Communications & Couple Therapy

Every couple is unique and therapy must be adjusted to their situation, and good therapy is expensive at about $125.00 per therapeutic hour. A good therapist will not attempt to problem-solve, but will teach the clients to communicate with each other and find solutions as they go along. Eventually the old anger and resentments will dissipate. It sounds so simple, but some couples harbour and nourish, or refuse to forgive and forget old arguments.

Sexual dysfunctions such as "pre orgasmia", painful sex, premature ejaculation, erectile dysfunction all respond to good sex therapy while medical conditions such as ovarian cysts, endometriosis etc. require medical intervention. Prescriptions for depression etc. may need to be changed.


We learned our communication style from watching and listening to our parents, not necessarily good examples of how to relate to others. And as children we learned to manipulate, whine, cajole and basically blame everybody else to "cover our butt" if we get into trouble. We carry these skills into our loving relationships and then wonder why they don't produce the desired results.

Relationship counseling will primarily focus on developing "EFFECTIVE LISTENING SKILLS". Here is a quick simplified rundown of empathic listening:

1. Use "I" terms, I feel, I get upset, I am angry, I am scared. Here you are not blaming your partner, you are simply saying how their behavior is affecting you. Now your partner knows how and why you are upset, now they can explain their actions, or they can decide to change their behavior because it upsets you. The next step is for your partner to paraphrase what you just said, so you know you were heard, or, you can correct their interpretation.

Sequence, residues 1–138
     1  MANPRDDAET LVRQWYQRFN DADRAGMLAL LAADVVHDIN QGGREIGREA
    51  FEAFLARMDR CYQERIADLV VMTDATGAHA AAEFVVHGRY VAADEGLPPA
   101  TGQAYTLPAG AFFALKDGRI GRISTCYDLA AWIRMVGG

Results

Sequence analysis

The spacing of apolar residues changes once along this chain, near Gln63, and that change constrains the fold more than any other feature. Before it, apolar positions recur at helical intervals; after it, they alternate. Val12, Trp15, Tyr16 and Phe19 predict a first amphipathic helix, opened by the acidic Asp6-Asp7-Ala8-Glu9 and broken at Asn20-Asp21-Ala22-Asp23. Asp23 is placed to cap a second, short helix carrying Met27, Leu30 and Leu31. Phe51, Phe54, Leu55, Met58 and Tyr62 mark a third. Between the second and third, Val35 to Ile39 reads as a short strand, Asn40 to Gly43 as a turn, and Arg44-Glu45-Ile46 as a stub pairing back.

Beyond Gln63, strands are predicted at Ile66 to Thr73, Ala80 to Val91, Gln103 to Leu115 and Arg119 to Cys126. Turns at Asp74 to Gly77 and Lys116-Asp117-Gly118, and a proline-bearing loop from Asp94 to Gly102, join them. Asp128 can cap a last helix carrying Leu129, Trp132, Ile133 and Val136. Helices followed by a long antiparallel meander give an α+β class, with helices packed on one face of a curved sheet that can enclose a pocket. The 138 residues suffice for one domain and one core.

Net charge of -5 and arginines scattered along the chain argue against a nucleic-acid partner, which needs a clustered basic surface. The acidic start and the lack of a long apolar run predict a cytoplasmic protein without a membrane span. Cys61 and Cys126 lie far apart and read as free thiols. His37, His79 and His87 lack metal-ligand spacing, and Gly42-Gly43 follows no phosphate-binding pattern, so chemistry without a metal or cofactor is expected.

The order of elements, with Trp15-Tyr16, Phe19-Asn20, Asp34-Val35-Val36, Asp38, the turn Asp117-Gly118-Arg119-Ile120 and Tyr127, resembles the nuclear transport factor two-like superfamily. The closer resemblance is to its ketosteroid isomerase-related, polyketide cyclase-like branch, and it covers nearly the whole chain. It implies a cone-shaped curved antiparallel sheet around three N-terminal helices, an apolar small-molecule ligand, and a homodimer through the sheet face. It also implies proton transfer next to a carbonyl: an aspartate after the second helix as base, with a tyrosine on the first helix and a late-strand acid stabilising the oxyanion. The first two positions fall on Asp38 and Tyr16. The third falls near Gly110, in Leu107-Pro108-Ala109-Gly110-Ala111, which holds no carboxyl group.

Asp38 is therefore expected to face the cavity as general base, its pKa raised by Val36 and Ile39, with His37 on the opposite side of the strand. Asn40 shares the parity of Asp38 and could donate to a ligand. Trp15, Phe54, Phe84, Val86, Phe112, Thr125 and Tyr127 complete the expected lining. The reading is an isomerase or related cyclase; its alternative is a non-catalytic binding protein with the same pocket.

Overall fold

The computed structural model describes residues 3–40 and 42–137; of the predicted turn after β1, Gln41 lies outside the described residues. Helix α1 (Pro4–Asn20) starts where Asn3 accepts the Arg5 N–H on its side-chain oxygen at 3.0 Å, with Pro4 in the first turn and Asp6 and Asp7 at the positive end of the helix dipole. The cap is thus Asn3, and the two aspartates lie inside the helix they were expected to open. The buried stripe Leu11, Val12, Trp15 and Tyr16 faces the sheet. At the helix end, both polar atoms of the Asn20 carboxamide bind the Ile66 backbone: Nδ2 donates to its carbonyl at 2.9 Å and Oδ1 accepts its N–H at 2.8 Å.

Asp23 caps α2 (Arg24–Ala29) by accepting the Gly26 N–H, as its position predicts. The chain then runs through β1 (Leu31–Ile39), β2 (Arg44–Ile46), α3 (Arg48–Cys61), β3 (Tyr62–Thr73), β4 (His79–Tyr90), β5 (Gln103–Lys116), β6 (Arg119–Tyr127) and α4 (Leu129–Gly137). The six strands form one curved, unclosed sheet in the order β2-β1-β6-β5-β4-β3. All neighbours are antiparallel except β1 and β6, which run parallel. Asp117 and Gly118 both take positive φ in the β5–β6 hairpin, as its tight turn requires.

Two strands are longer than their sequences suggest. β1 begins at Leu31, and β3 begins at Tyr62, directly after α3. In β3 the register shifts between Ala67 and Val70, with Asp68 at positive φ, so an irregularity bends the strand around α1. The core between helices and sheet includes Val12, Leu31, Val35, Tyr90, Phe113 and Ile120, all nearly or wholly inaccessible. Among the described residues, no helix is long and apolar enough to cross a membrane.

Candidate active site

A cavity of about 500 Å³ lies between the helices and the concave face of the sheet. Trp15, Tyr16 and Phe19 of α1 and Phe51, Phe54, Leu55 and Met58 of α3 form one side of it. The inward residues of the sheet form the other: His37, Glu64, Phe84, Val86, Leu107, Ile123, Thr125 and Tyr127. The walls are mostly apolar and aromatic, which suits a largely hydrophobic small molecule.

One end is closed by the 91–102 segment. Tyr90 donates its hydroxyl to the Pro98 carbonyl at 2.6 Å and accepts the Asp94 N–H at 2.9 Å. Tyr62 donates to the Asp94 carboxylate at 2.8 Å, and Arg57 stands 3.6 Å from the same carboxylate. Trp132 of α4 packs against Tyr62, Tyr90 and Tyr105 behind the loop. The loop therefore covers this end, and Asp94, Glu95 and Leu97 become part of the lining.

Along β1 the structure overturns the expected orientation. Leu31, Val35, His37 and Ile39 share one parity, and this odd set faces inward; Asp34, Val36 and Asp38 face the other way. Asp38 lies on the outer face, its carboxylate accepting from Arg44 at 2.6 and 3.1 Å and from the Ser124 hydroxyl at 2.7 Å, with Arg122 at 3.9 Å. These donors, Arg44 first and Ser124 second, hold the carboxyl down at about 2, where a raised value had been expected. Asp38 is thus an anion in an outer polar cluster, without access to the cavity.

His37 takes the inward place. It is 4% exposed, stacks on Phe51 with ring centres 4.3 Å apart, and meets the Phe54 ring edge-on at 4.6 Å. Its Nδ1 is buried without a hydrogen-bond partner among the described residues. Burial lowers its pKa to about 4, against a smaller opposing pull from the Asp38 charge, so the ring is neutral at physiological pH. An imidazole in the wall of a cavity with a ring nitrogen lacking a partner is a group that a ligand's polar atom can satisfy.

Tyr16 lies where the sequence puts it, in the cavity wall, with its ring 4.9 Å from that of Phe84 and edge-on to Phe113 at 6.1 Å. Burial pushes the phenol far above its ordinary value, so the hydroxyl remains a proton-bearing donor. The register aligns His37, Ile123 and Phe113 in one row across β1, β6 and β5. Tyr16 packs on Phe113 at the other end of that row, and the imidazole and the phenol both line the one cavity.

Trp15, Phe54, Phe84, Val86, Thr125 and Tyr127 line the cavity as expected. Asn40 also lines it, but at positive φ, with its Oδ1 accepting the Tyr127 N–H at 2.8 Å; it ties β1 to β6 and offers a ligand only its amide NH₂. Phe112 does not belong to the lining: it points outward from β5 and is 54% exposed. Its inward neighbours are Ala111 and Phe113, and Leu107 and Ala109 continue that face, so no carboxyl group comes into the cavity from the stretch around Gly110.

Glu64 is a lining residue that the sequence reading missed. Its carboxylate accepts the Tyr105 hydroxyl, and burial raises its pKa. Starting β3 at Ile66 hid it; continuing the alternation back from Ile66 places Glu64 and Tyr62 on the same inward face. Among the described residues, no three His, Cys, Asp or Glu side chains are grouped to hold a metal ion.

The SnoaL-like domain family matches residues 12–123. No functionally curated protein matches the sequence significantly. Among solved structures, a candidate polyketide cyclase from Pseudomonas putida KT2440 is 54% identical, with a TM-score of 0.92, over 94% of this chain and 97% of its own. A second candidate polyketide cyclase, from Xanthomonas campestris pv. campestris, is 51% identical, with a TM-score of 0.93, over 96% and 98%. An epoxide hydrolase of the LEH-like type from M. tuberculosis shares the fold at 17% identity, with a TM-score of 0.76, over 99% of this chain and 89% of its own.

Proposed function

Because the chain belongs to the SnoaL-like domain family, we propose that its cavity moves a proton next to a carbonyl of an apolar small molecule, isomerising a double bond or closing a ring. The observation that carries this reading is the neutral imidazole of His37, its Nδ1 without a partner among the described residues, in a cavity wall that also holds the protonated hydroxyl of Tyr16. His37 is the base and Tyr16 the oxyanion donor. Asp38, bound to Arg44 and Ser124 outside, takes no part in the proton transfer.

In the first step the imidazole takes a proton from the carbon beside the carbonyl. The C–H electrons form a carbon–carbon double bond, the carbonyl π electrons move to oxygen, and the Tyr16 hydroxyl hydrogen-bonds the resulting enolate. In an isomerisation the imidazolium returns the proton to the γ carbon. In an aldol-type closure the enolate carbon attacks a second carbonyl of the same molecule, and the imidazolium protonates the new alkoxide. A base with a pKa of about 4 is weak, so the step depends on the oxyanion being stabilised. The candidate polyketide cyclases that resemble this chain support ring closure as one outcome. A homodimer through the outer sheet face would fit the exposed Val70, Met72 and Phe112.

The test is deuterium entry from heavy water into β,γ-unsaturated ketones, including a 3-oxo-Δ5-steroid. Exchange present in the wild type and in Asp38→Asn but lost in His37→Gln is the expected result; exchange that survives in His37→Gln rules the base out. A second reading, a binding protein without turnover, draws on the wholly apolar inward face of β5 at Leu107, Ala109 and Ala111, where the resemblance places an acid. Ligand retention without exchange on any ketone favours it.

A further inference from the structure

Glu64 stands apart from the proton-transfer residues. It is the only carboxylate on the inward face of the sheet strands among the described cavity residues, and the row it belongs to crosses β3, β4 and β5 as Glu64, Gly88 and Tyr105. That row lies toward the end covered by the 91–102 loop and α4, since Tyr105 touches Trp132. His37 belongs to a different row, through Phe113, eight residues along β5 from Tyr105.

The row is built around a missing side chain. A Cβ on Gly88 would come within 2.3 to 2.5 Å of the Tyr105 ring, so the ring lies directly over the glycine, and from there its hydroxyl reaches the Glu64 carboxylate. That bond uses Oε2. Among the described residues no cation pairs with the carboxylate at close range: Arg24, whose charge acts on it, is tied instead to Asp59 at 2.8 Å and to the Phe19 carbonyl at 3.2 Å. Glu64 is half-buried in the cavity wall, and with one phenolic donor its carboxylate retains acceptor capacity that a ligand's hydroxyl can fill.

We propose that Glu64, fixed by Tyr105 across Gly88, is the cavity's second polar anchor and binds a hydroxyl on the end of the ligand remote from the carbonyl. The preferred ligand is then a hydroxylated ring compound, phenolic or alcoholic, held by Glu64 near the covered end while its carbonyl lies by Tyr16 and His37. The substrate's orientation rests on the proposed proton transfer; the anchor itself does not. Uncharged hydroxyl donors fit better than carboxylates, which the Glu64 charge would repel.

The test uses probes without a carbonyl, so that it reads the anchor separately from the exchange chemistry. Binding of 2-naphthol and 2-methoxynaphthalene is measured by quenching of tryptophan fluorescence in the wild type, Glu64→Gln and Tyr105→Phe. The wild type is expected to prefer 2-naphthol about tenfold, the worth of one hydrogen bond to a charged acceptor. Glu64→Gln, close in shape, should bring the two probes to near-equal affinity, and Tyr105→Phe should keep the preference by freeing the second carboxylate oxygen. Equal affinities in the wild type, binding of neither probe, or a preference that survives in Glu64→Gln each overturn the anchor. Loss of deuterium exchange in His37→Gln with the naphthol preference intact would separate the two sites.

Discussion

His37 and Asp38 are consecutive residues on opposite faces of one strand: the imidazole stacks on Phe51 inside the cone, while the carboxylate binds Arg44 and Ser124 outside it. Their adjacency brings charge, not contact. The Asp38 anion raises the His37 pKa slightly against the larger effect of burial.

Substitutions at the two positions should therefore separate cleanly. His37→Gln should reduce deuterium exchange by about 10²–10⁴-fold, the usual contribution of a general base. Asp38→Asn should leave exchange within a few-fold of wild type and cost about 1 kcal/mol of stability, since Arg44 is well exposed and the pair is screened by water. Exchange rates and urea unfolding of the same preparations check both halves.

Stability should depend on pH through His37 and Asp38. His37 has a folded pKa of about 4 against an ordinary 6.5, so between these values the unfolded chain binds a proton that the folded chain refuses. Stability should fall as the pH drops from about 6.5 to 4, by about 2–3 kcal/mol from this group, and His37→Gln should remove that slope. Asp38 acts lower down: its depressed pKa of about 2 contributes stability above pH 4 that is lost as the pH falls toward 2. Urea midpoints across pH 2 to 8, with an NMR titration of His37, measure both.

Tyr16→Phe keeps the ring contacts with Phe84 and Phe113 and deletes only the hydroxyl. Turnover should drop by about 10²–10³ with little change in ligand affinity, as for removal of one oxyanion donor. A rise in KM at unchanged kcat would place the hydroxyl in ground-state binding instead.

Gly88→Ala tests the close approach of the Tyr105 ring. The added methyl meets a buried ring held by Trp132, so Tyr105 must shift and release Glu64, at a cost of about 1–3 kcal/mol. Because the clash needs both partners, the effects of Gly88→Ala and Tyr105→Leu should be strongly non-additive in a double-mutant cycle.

2. Never blame your partner for the problem, never accuse your partner, never say "you always do that". Killer communications.

3. Avoid jumping to conclusions, over reacting, or attacking your partner. Analyse your reactions, be honest, what is your goal? And will this get you there? Probably not.

4. Be aware of your body language. Is it closed, your arms crossed across your chest, legs crossed, fingers clenched? Open body indicates you are receptive to listening, relaxed, not ready to "go for the gonads". Maintain gentle "eye-to-eye" contact, not glaring, not staring in disbelief, just look at them. Don't gaze out the window, glance at the clock, or watch TV over their shoulder.

5. Paraphrase what your partner just said using your own words. Suddenly your partner realizes that you are really listening, not developing arguments in your head, but trying to understand.

6. If the kids or your in-laws are coming for supper, this is not the time to argue. You simply say, "Can we talk about this later on. Let's go for a walk, alone, tomorrow after lunch, O.K?" Then a gentle reminder the next morning and make sure you go for that walk together.

7. Once it is settled or a compromise has been reached, let it go. It is done, finished, over with. If you backslide, admit it, apologize and commit to doing better. If partner does not follow through, gently say; "I thought we talked about this and agreed".

Many couple relationships do not problem solve as they go along, so the anger, resentment and hostility builds up and collects like a big green garbage bag in the middle of the kitchen floor. I call it the "SCARBAGE BAG". Eventually this explodes in a big mess and working your way through it to clean it up is really difficult.

There are some excellent books on enhancing relationships. Some are glitzy and shallow; some are really helpful if you implement their recommendations. Look at our recommended reading list.